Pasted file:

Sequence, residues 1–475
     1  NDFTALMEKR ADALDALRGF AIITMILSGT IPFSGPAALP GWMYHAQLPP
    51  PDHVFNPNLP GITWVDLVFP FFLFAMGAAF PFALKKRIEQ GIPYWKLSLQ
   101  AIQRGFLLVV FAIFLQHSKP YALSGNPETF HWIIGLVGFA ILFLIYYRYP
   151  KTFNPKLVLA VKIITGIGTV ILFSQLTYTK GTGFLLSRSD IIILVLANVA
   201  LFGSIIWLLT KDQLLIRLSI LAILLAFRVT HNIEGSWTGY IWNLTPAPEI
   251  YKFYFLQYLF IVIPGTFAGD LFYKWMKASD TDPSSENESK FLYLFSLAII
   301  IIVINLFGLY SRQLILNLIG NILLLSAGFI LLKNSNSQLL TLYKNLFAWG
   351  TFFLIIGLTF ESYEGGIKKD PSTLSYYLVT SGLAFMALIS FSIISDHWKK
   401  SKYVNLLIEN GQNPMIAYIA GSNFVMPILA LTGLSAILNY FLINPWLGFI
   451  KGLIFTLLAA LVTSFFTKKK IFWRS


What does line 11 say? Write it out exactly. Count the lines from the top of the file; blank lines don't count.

   451  KGLIFTLLAA LVTSFFTKKK IFWRS